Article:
At town meeting in Hampton Tuesday, residents could take another big step in adapting to rising seas.
Voters will decide whether to require pilings under new structures in certain at-risk coastal areas.
Hampton conservation commission chair Jay Diener says the town already has this policy, which stems from federal flood insurance requirements, for a strip of homes that directly face the ocean.
It’s based on federal flood insurance standards for “coastal high hazard” areas, which require all new structures or ones undergoing major renovations to be put up on pilings that allow floodwaters flow underneath.
Hampton adopted the latest federal flood maps, which carry these requirements, in 2015.
This year, they’ll vote on extending those “high hazard” requirements to other zones – covering the entire tidal wetlands conservation district.
The town warrant also includes other proposed zoning changes that would support the pilings policy.
The affected neighborhood typically floods during storms and 10-foot-or-higher high tides – which are happening more and more frequently, according to the National Weather Service.
Diener says the zoning change would cover around 340 homes, but wouldn’t actually affect many directly. He says it aims to protect homeowners who choose to invest in staying in a flood-prone area.
"Also it's in the best interest of the town, especially when you look at what services might be necessary to protect or rescue people,” he says.
But it won't solve the issue of road flooding. Diener says that's a bigger problem the town will have to figure out how to tackle in future.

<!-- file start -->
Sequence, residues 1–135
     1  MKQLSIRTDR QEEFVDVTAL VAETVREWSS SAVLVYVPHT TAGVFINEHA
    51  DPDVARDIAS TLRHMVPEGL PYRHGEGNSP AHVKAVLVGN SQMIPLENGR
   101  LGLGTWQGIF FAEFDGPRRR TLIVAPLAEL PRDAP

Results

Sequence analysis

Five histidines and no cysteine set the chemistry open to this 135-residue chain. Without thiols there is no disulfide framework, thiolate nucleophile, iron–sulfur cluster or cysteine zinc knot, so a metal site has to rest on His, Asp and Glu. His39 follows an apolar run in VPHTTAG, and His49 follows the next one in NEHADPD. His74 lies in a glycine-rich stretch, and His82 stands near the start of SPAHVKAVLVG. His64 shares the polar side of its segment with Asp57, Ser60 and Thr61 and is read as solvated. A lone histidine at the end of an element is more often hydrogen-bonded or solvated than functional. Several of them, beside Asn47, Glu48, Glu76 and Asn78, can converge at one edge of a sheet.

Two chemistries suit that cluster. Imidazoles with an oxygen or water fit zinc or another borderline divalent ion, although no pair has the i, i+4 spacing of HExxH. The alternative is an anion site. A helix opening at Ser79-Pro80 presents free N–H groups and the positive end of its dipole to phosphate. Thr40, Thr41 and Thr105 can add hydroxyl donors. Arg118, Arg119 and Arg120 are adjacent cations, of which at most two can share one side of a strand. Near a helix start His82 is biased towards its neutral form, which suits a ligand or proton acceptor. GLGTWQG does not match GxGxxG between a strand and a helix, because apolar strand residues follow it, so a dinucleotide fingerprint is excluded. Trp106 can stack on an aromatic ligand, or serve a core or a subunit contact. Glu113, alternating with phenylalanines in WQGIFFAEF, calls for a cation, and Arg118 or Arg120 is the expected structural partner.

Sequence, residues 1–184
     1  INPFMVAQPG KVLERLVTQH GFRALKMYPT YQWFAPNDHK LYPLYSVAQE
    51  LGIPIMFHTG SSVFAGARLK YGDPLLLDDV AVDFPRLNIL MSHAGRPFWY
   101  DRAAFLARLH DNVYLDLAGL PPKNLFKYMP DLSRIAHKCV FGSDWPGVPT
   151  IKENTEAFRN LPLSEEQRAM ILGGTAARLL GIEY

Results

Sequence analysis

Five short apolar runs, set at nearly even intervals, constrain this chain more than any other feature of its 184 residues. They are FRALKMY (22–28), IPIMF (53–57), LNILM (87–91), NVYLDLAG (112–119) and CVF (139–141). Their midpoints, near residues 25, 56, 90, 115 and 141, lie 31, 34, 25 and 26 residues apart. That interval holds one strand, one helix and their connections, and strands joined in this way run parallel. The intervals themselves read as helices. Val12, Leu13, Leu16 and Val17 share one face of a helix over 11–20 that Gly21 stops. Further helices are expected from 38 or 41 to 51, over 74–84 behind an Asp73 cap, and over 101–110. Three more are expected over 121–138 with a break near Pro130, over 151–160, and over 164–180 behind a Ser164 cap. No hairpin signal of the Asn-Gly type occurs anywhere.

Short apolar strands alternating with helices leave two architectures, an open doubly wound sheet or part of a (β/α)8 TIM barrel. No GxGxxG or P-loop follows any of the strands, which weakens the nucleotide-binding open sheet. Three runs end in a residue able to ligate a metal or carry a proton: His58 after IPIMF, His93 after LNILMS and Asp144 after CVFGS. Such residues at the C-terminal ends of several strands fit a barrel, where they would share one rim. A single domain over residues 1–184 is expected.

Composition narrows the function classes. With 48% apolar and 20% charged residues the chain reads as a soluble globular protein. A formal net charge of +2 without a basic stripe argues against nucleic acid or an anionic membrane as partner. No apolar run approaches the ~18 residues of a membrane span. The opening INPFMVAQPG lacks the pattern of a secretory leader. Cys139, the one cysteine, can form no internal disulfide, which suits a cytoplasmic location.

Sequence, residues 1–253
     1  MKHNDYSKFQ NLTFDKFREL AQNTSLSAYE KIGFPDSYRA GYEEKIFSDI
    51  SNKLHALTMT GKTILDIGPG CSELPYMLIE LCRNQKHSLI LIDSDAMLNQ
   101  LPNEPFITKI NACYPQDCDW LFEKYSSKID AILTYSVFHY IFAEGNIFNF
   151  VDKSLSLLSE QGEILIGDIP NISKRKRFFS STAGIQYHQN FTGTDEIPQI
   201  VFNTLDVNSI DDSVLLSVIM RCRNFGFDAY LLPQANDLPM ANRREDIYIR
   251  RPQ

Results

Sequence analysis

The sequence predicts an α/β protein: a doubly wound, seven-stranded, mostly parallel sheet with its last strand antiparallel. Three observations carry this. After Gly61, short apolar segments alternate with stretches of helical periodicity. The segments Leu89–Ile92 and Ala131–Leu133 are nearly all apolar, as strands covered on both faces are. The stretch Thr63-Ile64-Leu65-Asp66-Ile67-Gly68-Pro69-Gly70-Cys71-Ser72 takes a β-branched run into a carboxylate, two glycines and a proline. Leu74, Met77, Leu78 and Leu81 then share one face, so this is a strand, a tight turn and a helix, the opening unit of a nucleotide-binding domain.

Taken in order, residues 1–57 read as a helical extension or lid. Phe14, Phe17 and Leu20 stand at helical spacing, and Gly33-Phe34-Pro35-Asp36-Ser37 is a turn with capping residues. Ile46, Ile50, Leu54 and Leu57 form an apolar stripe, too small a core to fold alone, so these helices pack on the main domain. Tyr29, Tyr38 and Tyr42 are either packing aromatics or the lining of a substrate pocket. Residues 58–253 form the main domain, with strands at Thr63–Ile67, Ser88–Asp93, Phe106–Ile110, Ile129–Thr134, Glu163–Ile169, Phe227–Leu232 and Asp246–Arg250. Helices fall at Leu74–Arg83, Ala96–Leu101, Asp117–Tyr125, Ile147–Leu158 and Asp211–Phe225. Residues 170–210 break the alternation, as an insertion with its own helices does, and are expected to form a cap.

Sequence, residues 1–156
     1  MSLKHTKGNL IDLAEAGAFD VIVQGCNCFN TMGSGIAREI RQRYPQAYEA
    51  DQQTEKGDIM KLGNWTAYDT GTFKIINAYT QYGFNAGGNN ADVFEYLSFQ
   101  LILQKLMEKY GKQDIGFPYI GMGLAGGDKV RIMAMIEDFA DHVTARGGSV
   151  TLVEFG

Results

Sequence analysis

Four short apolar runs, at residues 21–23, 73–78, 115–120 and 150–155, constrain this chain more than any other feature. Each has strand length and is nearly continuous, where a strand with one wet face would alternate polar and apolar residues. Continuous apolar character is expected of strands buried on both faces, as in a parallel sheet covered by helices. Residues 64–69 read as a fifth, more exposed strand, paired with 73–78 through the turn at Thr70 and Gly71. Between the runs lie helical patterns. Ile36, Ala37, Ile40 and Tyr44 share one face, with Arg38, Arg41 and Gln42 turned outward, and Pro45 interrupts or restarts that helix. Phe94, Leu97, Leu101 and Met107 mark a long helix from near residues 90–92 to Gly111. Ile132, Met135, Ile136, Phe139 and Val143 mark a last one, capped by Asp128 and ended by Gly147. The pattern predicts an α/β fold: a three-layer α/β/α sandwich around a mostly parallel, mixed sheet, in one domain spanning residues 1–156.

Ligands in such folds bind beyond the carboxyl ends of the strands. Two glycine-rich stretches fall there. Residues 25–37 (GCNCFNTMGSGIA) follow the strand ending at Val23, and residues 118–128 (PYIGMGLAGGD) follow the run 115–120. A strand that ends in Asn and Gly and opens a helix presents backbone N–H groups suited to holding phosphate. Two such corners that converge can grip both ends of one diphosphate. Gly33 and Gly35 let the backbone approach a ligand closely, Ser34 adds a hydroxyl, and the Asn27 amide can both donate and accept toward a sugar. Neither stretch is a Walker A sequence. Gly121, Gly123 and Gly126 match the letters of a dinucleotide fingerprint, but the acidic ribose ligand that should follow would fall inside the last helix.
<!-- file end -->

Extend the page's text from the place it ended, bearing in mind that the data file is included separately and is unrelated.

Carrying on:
He says the pilings requirement is a manageable first step as the town mulls larger changes to protect against increased flooding.
"This is an adaptation strategy, you know – get your structure out of the way of the water,” he says.
Federal data and many studies, including one from the Union of Concerned Scientists and the real estate website Zillow in 2018, show Hampton faces some of the greatest risk in the region from rising seas.
The 2018 study analyzed federal sea level rise scenarios, including a “moderate” case that assumes carbon emissions begin to decline by mid-century and the ice sheets follow their historic melting trends.
The study says this would lead to about a foot of sea level rise by 2035 and four feet by 2100.
It puts more than 700 homes – valued today at more than $215 million dollars – and 1,100 people in Hampton at such a risk of chronic flooding that the study suggests they would likely have to move.